The news from the ‘Sunday Herald’ that new cracks have been found in the graphite blocks around the Hunterston B nuclear reactor is of real concern to the Nuclear Free Local Authorities (NFLA) Scotland Forum. NFLA calls for exacting safety checks to ensure that public safety is not put at risk by the operation of the 42 year old nuclear reactor.
The article in the Sunday Herald notes the UK nuclear safety regulator, the Office for Nuclear Regulation (ONR), is discussing with the plant operator EDF over the extent of the cracks and their impact on the wider integrity of the nuclear reactor. (1)
As a detailed NFLA briefing has previously noted, the integrity of the graphite blocks that make up the reactor core is vital to nuclear safety. They ensure that the reactor can be both cooled and safely shut down in an emergency. After over 40 years of operation, the intense radiation used in the process is inevitably having an effect on the graphite blocks, with cracks seen on the blocks of a number of existing nuclear reactor sites, particularly Hunterston B, but also Hinkley Point B and reactors at Hartlepool and Heysham. (2)
Any failure of the blocks could potentially lead to nuclear fuel overheating, the reactor melting down and a significant radioactive leak as part of a major nuclear accident.
Both the ONR and EDF have confirmed to the Sunday Herald that new cracks have been found, but would not go into any further detail.
NFLA Scotland shares the concerns of independent radiation safety experts and of the local community that the ‘wear and tear’ on the Hunterston reactor may be reaching critical safety levels. It calls on the ONR to carefully consider the state of the reactor in cooperation with EDF, and report in detail to the Site Stakeholder Group and the wider public of its findings.
Whilst no new nuclear reactors are expected for at least another 7 – 10 years (in England and Wales only), NFLA remains concerned that many of the existing nuclear sites are getting close to their final operation. Real plans should be being made in all existing nuclear site areas to consider what the impacts of a reactor closedown will mean on the local community and to urgently look at ways to retain such specialised staff for the ‘care and maintenance’ and safe decommissioning of each site. NFLA are very concerned of the serious radiation safety, public health and emergency planning impacts that could occur if these safety critical issues are not sensibly dealt with.
It is clear that the energy footprint in Scotland is rapidly changing in favour of a wide range of renewables, and NFLA encourages the Scottish Government and other agencies to assist a transition of such communities to take advantage of such opportunities. At its recent meeting last week in Glasgow, councillors discussed the real possibilities of hydrogen green gas and geothermal energy to be a new part of this renewable energy mix. (3) Scotland is a global leader in the promotion of renewables and these opportunities should be encouraged in North Ayrshire, Dumfries and Galloway and in the Highlands to ensure communities hosting nuclear facilities are adequately catered for as part of this dynamic energy and economic transition.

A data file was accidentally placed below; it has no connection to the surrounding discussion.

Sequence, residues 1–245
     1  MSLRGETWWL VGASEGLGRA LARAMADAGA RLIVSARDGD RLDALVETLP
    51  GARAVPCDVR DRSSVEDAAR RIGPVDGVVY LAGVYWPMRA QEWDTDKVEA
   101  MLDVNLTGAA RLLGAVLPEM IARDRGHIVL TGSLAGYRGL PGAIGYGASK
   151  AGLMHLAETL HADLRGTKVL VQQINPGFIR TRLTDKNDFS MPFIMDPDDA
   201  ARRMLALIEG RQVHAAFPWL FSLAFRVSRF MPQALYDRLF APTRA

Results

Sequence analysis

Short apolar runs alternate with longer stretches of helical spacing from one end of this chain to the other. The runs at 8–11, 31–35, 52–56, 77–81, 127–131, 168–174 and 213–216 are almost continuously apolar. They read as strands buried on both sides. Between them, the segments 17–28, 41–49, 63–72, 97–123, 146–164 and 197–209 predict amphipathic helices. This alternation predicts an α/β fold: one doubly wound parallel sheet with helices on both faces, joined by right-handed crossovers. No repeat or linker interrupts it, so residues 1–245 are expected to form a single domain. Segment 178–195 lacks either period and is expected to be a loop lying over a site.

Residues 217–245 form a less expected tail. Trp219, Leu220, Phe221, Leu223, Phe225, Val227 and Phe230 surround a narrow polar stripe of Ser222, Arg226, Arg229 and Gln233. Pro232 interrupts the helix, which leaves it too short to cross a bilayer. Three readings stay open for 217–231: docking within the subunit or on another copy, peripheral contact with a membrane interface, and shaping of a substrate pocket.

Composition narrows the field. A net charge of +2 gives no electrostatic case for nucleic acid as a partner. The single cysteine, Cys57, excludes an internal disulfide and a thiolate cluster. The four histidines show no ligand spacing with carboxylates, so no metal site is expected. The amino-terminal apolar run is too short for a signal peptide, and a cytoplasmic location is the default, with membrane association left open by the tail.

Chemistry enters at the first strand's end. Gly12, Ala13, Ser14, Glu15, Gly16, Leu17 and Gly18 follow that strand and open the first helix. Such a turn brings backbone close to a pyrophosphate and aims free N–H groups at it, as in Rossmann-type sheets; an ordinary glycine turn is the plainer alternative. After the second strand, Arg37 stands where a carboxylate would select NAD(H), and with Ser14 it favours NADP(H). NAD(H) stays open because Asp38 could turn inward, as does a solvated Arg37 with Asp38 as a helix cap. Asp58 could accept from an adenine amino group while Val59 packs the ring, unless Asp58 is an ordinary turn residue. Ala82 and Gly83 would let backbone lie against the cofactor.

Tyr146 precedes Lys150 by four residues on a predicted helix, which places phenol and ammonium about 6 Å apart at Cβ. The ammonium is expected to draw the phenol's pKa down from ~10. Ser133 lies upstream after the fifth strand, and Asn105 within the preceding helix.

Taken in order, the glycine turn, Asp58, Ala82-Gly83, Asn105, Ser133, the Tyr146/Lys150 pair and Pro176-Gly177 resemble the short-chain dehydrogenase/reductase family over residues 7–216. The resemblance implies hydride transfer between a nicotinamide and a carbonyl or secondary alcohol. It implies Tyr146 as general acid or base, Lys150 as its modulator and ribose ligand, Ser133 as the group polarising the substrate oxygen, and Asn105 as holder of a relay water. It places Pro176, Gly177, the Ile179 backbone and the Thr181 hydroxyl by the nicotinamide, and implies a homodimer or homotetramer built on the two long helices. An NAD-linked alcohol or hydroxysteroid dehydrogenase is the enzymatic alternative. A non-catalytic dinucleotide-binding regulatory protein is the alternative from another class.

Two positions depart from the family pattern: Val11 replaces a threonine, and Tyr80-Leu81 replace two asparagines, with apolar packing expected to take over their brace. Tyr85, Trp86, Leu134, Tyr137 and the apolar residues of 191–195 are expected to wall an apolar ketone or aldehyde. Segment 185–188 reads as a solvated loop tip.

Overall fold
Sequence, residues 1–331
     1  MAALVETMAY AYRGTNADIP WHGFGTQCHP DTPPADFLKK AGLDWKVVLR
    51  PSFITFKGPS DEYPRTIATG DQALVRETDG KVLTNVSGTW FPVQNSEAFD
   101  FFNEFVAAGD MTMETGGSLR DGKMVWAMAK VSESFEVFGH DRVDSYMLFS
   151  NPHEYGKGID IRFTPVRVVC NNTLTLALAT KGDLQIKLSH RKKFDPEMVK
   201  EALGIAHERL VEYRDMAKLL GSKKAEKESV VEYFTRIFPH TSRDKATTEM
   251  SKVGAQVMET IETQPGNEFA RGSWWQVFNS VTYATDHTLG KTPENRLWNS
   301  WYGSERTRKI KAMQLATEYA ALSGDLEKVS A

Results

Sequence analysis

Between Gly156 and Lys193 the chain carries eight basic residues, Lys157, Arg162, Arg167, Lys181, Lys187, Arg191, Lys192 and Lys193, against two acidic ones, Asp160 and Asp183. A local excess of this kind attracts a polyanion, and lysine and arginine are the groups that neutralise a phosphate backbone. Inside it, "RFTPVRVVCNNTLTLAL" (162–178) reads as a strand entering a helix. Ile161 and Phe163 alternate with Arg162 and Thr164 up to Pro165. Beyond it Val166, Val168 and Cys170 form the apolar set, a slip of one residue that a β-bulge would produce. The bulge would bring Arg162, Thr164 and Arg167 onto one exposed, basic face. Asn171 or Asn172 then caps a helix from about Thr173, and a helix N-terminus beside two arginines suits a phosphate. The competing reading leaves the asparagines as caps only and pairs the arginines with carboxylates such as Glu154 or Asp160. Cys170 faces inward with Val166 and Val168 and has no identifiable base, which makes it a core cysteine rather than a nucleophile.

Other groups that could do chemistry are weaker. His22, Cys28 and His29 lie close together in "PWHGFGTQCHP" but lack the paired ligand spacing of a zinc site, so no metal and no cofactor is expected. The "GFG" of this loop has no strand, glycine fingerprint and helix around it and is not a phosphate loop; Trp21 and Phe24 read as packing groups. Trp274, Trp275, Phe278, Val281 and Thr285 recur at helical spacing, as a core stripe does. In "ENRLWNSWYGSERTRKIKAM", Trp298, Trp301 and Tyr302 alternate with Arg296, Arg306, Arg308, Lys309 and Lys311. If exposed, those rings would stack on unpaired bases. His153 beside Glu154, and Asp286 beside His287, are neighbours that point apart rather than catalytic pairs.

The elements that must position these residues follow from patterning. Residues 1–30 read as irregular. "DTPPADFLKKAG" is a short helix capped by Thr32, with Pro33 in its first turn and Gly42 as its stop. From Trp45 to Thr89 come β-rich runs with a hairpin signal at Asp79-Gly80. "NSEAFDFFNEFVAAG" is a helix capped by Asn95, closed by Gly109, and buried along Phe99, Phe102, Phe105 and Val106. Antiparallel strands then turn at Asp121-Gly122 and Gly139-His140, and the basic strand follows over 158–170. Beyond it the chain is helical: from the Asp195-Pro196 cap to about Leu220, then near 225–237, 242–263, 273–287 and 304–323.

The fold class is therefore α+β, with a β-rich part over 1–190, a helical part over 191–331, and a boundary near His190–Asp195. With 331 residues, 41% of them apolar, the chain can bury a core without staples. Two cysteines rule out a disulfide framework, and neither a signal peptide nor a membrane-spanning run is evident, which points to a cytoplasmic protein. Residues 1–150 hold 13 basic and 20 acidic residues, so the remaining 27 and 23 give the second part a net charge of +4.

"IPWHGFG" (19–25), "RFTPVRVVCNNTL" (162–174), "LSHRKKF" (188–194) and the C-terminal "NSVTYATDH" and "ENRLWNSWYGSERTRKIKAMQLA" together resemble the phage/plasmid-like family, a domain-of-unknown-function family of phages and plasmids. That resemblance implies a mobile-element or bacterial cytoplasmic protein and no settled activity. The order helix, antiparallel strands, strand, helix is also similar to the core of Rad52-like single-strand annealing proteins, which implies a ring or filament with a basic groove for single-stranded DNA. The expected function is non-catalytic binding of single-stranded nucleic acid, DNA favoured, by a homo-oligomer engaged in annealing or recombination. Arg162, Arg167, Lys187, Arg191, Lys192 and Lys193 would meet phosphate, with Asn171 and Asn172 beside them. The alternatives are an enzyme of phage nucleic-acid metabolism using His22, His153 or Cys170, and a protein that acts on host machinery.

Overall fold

NFLA Scotland Forum Convener, Councillor Feargal Dalton said:
“NFLA has been concerned for some time about the issue of increased cracks being found in the graphite bricks that surround the nuclear reactors of our aging nuclear programme. That more cracks have been found in the Hunterston reactor is confirmation that these sites are coming close to the conclusion of their plant life. The ONR needs to work with EDF to ensure that they are absolutely satisfied with the integrity of the reactor before it permits any resumption of its electricity generation. These issues are symptomatic of the real truth in Scottish and UK energy policy, that nuclear power, like coal generation before it, is coming to an end. Scotland’s embracing of renewable energy has been very welcome in the past decade and it should be rapidly scaled up to assist all parts of Scotland in being involved in this new energy revolution. Renewable energy can benefit all of Scotland and is both the way forward for low carbon transition and in tackling the huge challenges of climate change.”
Ends – for more information please contact Sean Morris, NFLA Secretary, on 0161 234 3244 or Pete Roche, NFLA Scotland Policy Advisor on 0131 444 1445.
Notes for editors:
(1) Sunday Herald, 22nd April 2018
(2) NFLA Policy Briefing 164 on Nuclear Plant Life Extensions, 9th October 2017
(3) The presentations from the NFLA Scotland seminar on the potential of new forms of renewable energy will be placed shortly on the NFLA website